Water Feature Q & A
Q: I have a 1,000 gallon pond and already the string algae is starting. I am sick of constantly cleaning it. Any ideas? – Steve of New York
A: Like Steve many of you find yourselves in this same situation, where it seems like you are battling algae year after year with no end in sight. The thing I want you to know is that in order to fully understand how to control algae, you really have to understand how it develops in the first place.
The Key Ingredient:
One of the key ingredients for algae to grow is a food source (aka Nitrates). And I’ll have to say in almost every water feature that has a bad algae problem, it is the abundant fish load that is causing the issue. So why does an abundant fish load cause algae? When fish eat they over time, like every living creature, will have to excrete the waste (aka ammonia). This ammonia, when filtered properly, will breakdown into nitrates (aka food source). Make sense so far? This food source is then eaten by algae. From there some of the algae will be eaten by the fish and thus the cycle, the nitrogen cycle of life, begins again.
So the bottom line here is: If we have control of the food source (aka Nitrates), we have control of the algae. I have mentioned this before in the past, but it bears repeating.
Keep Fish Loads to a Minimum:
I know you love your fish and this is a touchy subject. But if you plan to have sixty 12″ koi in a 1,000 gallon pond, your going to have an algae problem and it won’t be inexpensive to get a hold of. When calculating your fish load think of it in pounds of fish or total inches. For example, one 6” fish can weigh as much as four 4” fish. The number of fish will affect the overall fish load, although 10 small fish may only produce the waste of one large fish. With this said, remember that your fish are growing and in many cases multiplying. Always plan for the future and be careful not to overstock your water feature.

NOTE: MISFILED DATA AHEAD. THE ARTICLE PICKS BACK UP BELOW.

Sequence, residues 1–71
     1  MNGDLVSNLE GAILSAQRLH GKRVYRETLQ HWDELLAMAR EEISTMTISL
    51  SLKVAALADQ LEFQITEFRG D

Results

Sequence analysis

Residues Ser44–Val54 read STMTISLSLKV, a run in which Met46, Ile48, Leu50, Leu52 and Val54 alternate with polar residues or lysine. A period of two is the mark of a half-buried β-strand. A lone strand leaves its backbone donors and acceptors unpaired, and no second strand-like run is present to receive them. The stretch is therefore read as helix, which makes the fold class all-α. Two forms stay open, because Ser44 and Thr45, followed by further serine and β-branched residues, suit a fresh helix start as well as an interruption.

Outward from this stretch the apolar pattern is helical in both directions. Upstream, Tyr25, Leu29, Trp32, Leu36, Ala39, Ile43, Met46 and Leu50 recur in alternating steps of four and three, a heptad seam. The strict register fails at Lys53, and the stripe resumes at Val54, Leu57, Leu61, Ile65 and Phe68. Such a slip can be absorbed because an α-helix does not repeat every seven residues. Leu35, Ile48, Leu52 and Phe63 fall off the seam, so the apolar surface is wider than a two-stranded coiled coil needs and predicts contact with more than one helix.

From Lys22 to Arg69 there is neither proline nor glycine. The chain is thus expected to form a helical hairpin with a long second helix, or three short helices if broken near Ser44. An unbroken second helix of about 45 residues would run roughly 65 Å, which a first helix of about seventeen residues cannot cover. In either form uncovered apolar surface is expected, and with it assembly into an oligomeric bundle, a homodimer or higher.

The size and type of your filtration system will depend on your total fish load. If your filter is not properly sized for max potential, your fish will outgrow the filter. When this happens, ammonia levels can reach to lethal levels. In most cases filters on the market are rated for ponds containing no fish or a minimal fish load. It is always best to get a filter that is rated for at least 2x the water volume of your pond.
Aquatic plants and algae will compete for the same food source in order to grow. I don’t know about you, but I would much rather see a few beautiful water liles then green slime. A simple rule of thumb is to have 60% plant coverage. This should consist of submerged, floating and marginal plants. Floating plants, such as Water Hyacinths & Water Lettuce, are fantastic at pulling nitrates from the water. I recommend putting a few into your waterfall filter box if you have one. Rooted plants, such as water lilies and marginal plants, create a great place for your fish to hide from predators. Please note when aquatic plants are not present, algae will take their place. See our selection of aquatic plants here.
Beneficial Natural Bacteria :
I’m sure you hear this a lot nowadays as to why you should be adding beneficial natural bacteria to your water feature. The reason is because it is another reducer of nitrates. One product to check out for this is called the DefensePAC®. It is a combination of five products that provide beneficial bacteria, trace minerals, and a fish and plant safe pond cleaner. The DefensePAC® works to breakdown fish waste, leaves or other organics that accumulate in the pond. These are essential to maintain a clean, clear and healthy ecosystem. The best of all, one DefensePAC® lasts up to 6 months for a 2,000 gallon water feature.
Filed under: Algae Control, Aquatic Plants, Pea-Green Algae, Water Gardens & Features, Water Quality Issues | Tagged: algae, aquatic plants, defensepac, fish load, proper filtration, string algae | 16 Comments »